How your gut affects your mental health
With all the daily stresses we have to face, it is little wonder more and more people are struggling with their mental health. In the past, people might have seen their doctor and begun a course of antidepressants (bad idea.) Others try to battle through it, preferring to exercise through the dark shadow looming over their lives. However in recent years, more and more studies have shown that there could be a new course of action – to look closely at the health of your gut. Perhaps we should now look to naturopaths and dieticians for advice and information on treating mental health issues rather than just our local GP? (Great idea.)
Whether you are feeling low or severely depressed, we now know that whilst not a magical cure, good gut health can positively affect our mental health.
The science of gut health
We have all heard the expression ‘listen to your gut.’ Most of us have also experienced ‘butterflies’ when nervous and even IBS (Irritable bowel syndrome) type symptoms when facing large amounts of stress. Scientists have now discovered that our gut actually ‘talks’ to our brain. When you are healthy, good bacteria is kept safely in the lining of your gut, living in harmony (symptom free), letting your gut and brain send positive signals to one another. This is called the ‘gut-brain axis’. When unhealthy, the bacteria breeds and blocks the messages being sent to our brain. These changes to our gut bacteria have now been linked to feelings of anxiety and depression. In a recent study, scientists also found that exposure to stress changed peoples gut bacteria, their stress response and their behaviour. Probiotics containing ‘good’ bacteria given were shown to reduce the stress response, confirming the relationship between our gut and mental health.
Sleep & gut health
It’s long been known that our mental health is closely linked to the quality and length of our sleep patterns. Poor sleep can make us groggy, anxious and irritable. New evidence suggests that gut microbiota can actually influence our wake/sleep cycles and quality of sleep. A recent study found that people who suffered with poor sleep patterns were more likely to have higher levels of bad bacteria, and were then more susceptible to mental health issues. Interestingly, this correlation has only been associated with female participants so far.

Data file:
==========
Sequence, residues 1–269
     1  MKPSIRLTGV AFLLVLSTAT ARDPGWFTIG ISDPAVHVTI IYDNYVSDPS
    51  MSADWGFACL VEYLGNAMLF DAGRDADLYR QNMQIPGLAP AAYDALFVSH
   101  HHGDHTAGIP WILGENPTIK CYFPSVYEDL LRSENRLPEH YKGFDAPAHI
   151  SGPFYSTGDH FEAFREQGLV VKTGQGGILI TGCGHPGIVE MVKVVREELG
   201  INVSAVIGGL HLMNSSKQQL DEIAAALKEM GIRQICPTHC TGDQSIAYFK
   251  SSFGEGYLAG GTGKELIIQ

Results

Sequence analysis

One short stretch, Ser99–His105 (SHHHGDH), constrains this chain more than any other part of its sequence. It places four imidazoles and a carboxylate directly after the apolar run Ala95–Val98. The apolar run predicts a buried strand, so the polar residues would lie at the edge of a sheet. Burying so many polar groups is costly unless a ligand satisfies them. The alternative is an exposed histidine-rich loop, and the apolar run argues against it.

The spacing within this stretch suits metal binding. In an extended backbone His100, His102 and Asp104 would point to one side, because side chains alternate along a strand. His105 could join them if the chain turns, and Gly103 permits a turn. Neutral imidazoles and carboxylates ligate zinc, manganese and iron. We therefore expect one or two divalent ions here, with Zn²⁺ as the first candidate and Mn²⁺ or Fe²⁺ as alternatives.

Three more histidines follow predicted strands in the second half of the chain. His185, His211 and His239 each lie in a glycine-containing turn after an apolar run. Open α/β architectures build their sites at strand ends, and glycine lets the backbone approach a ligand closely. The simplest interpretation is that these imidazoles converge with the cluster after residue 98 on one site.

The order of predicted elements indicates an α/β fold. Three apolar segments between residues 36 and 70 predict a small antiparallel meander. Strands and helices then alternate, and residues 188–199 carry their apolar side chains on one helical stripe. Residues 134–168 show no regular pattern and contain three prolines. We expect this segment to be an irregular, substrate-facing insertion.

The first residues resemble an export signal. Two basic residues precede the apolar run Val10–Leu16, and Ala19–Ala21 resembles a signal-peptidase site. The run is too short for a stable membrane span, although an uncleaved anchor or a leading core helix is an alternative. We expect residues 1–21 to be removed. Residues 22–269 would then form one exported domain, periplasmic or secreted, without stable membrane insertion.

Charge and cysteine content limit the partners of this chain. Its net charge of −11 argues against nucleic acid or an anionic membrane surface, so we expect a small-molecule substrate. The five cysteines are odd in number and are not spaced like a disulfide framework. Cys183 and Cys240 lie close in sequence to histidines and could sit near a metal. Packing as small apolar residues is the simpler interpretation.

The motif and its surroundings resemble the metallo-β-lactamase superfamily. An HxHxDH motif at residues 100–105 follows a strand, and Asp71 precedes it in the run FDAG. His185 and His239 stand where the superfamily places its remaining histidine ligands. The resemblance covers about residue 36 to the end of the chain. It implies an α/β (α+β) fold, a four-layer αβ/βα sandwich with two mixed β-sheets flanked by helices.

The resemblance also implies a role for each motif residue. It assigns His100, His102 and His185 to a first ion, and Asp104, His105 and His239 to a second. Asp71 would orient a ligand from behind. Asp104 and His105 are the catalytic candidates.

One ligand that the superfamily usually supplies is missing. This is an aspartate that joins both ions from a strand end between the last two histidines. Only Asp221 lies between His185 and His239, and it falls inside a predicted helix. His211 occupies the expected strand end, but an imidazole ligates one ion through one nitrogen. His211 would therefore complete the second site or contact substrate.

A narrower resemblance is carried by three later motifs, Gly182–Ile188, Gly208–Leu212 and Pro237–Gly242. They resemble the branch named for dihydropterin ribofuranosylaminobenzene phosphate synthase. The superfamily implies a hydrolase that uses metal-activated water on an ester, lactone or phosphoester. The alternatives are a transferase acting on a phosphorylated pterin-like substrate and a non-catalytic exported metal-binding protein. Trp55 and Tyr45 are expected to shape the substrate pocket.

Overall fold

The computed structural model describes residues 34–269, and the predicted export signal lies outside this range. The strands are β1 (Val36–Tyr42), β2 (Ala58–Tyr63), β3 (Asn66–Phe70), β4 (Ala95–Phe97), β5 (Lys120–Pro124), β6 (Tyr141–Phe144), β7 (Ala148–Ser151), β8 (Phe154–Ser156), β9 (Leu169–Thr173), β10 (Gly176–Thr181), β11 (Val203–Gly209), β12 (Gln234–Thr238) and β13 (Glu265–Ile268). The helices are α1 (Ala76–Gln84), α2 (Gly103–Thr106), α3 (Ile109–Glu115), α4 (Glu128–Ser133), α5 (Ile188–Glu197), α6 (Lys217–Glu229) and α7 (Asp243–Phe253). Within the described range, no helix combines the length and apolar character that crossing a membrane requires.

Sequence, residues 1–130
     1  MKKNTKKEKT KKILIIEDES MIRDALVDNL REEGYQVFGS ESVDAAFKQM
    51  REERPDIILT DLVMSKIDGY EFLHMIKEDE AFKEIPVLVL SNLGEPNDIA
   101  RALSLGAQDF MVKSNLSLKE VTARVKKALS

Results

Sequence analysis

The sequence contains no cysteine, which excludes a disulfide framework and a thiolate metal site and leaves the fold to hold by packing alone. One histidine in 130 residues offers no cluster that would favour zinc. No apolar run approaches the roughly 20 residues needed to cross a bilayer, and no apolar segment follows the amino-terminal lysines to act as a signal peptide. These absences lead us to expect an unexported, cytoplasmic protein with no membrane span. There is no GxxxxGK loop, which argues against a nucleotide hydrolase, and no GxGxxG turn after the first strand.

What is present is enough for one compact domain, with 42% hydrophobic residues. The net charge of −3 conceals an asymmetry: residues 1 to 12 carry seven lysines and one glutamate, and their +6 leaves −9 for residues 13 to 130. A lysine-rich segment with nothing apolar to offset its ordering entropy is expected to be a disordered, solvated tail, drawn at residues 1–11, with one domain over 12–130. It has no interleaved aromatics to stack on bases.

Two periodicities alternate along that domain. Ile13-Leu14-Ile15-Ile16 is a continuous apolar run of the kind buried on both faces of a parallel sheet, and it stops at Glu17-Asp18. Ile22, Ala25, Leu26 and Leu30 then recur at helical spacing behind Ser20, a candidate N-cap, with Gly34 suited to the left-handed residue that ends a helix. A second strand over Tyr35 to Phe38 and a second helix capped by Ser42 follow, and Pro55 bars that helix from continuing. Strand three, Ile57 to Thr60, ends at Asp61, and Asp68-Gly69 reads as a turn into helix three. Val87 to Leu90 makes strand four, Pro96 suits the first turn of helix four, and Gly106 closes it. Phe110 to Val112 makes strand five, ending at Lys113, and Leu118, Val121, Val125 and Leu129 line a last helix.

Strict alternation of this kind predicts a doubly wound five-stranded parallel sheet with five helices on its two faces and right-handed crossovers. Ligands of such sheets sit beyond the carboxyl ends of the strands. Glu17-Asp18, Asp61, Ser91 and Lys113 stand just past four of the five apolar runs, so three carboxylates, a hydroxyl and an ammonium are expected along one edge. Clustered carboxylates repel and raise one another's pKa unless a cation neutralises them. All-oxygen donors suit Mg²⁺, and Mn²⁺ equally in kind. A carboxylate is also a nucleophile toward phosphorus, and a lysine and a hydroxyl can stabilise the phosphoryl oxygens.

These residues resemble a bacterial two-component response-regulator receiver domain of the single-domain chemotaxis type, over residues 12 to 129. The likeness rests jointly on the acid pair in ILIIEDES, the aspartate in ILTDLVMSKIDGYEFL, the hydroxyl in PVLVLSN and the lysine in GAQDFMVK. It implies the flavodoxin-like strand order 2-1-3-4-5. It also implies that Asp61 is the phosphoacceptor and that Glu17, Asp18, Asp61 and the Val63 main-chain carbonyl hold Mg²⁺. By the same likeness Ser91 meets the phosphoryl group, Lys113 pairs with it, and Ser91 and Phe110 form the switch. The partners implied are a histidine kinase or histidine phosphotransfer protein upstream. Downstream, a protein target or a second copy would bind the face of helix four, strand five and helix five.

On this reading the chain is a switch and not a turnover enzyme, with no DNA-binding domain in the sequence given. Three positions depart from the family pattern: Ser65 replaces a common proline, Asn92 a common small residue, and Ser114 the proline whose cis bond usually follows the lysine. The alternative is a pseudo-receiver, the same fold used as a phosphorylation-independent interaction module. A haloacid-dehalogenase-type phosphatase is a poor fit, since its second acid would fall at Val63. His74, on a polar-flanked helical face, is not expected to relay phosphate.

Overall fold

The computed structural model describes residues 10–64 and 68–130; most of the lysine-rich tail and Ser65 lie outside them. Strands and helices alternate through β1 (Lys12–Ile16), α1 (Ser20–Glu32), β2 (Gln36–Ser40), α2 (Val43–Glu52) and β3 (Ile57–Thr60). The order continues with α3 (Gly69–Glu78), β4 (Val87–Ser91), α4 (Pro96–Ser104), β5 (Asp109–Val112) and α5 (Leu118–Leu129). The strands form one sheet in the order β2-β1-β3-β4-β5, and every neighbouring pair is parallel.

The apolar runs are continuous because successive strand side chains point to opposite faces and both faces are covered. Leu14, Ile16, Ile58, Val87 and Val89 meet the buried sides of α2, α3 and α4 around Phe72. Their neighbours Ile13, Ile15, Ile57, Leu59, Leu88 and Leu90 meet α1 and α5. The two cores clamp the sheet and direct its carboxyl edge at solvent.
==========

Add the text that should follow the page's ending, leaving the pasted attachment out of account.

IBS, depression & anxiety
Remarkably, half of IBS sufferers claim to have had periods of depression and anxiety. In turn, this has lead us to the age old chicken and egg question – could people with IBS reduce their depression and anxiety by looking after their gut health? Or was their IBS caused by depression and anxiety in the first place? The two are heavily interlinked. Additionally, in theory, a person’s sore stomach could be the source or the product of anxiety, stress, or depression. There are numerous environmental factors affecting our mental health at any moment. Now is the time to stop overlooking the relationship between good gut health and a positive healthy mind. Good gut health is something that we can easily manage!
Looking after your gut
So what can we do to help keep our gut and mind healthy?
Probiotic treatments in mice have been shown to reduce the amount of cortisol they produce, decreasing their anxious and depressive behaviours. To date, there are few studies in humans. However, it is proven that people who eat a balanced diet have lower rates of mental illness as adults and adolescents.
To maintain a healthy gut and therefore a healthy gut-brain axis, The Natural Society recommend the following:
Increase ‘good’ gut bacteria
To increase good bacteria, eat fermented foods rich in probiotics such as live yogurt, kefir and sauerkraut. Alternatively, invest in a good quality probiotic supplement and take regularly (Inner Health Plus is a goodie.)
Eat a healthy and balanced diet
This includes eating a range of vegetables, fruit, beans and non-processed foods. Fibre is also important, but make sure your source is not just through processed grains which can wreak havoc on your health.
Avoid antibiotics where possible
Antibiotics are designed to destroy all bacteria that cause infections. This means that any good bacteria is eliminated along with the bad. Try to avoid antibiotics where possible by looking at natural alternatives. A naturopath or dietician will be able to advise you on the best course.
Listen to your gut
Your nervous system and gut are wired to react to certain foods which don’t work well with your body and you may feel better avoiding them. We have all come back from lunch feeling bloated and lethargic, maybe experiencing stomach pains. These are symptoms we shouldn’t ignore and are signs that your gut is sending unhappy signals to your brain. Make a note of what you have eaten and try avoiding it next time.
Many studies have shown that regular exercise and good bowel health are directly related. So, get out and get moving! Whether you’re a gym bunny, a lover of long walks, or a cycling fanatic (we all know one of those), get your gear on and get at it. It will not only improve your mood but your gut health too.
So with all that in mind; get active, eat healthily and always look after your gut.
Our team at Easy Consulting are firm believers in – healthy gut, healthy mind! Which is why we fuel ourselves with the best stuff. If you need a team on the their game to help with SEO, Social Media Marketing, Website Design, Branding, Content Writing, call our crew on 0452 527 992 now!